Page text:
Colombian Guerillas Expel Three Town Residents Who Test Positive for HIV
Three people who tested positive for HIV after submitting to a mandatory HIV test imposed by Colombian guerillas have been expelled from their town, the Guardian reports (Hodgson, Guardian, 10/23). The Revolutionary Armed Forces of Colombia (FARC), a guerilla group that has taken control of parts of Colombia in the country's internal war, has ordered all teen and adult residents of the town Vista Hermosa to be tested for HIV. The orders mark the first time that the FARC has ordered "massive" HIV testing, a practice that is illegal in Colombia, but FARC military commander Jose Briceno gave no reason for the mandatory testing other than that it was part of a larger "health campaign" (Kaiser Daily HIV/AIDS Report, 10/12). Local officials say that all residents over the age of nine have been ordered to take the test, which costs them a day's wages. Jose Lionel Castano, a mayor in the region controlled by the FARC, said that the three people who tested positive for HIV had been ordered to leave Vista Hermosa. "We know it's not legal, but there's nothing we can do. An order is an order, and you have to obey the people in command," Castano said. Dr. Jaime Pacheco, the head of HIV testing at the local hospital, said that the results of the tests were given directly to patients and he does not know how the guerillas got the test results. According to the Guardian, there have been reports that Vista Hermosa residents must carry an identity card that shows the results of their HIV test.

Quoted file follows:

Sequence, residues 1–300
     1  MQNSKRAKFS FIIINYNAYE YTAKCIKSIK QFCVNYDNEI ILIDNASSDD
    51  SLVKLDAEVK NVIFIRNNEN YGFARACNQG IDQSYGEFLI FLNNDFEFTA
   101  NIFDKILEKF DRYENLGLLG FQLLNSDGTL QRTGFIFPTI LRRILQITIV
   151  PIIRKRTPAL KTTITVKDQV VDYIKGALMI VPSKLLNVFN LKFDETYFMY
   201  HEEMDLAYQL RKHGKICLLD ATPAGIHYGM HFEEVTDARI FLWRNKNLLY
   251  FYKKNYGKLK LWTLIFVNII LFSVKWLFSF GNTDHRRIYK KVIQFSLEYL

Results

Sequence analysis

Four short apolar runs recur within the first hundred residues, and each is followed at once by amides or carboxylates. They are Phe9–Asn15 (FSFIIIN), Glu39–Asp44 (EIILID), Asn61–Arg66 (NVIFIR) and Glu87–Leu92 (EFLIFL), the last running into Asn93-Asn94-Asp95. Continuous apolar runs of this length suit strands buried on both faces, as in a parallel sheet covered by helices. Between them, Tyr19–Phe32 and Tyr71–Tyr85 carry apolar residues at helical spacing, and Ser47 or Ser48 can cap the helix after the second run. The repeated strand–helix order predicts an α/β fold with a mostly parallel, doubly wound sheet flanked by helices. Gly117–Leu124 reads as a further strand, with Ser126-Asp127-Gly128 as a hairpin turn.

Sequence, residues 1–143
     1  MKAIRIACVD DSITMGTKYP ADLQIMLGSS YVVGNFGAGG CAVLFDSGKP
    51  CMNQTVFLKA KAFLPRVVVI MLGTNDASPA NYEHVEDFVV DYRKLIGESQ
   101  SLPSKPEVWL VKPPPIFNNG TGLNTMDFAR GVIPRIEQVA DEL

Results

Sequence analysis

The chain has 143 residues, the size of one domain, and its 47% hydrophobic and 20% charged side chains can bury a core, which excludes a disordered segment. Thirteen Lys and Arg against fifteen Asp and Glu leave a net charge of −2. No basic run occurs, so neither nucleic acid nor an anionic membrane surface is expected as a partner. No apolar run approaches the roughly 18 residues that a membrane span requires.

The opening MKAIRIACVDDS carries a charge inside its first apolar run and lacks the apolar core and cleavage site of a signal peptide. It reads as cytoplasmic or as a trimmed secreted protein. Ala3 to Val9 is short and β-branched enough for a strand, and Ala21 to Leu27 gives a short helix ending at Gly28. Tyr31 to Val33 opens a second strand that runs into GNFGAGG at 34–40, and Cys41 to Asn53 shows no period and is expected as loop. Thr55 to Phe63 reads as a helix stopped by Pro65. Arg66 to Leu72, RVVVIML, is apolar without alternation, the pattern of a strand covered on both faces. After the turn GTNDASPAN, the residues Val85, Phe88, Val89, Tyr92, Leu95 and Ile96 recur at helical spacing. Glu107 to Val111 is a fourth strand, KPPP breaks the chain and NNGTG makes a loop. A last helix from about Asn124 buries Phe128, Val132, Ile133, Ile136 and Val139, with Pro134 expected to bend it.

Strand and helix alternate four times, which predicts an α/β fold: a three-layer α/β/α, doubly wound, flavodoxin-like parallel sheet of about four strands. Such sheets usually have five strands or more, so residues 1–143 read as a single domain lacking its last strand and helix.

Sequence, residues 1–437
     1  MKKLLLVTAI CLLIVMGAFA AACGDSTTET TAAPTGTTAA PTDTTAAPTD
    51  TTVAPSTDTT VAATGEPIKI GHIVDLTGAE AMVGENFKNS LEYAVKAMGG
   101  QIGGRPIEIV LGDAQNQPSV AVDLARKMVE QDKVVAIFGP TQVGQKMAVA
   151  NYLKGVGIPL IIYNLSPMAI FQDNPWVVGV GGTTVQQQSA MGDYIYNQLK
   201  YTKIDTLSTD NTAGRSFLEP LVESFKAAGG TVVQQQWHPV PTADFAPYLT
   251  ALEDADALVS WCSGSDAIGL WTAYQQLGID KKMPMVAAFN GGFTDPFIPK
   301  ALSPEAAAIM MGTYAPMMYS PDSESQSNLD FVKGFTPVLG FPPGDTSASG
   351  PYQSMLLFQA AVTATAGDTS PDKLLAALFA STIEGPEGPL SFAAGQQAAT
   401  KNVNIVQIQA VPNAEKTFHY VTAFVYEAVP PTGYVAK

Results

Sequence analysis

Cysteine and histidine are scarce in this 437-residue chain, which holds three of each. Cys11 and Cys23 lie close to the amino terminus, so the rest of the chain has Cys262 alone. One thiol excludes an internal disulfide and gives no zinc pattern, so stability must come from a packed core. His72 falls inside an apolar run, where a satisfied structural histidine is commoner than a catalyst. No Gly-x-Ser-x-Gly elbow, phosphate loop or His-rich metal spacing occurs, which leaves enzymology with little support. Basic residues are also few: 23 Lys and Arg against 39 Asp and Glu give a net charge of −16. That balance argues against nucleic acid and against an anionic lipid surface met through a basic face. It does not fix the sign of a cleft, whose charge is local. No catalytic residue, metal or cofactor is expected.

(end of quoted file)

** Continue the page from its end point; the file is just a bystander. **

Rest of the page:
Human rights groups and health officials have criticized the testing campaign as a violation of privacy and basic rights. Eduardo Cifuentes, state human rights ombudsman, said, "Nobody can be obliged to take an AIDS test and it is unacceptable that people who test positive should be obliged to leave their home. This violates their human rights." Jacobo Diaz, health secretary for the region, added, "The decision to take an AIDS test must come from raising awareness, not from pressure by an armed group." However, Doralba Gonzalez, an administrator at the local hospital where the tests are being given, said that some local residents "think [the testing] is a great idea," adding that "[i]t's best to be safe than sorry" (Guardian, 10/23).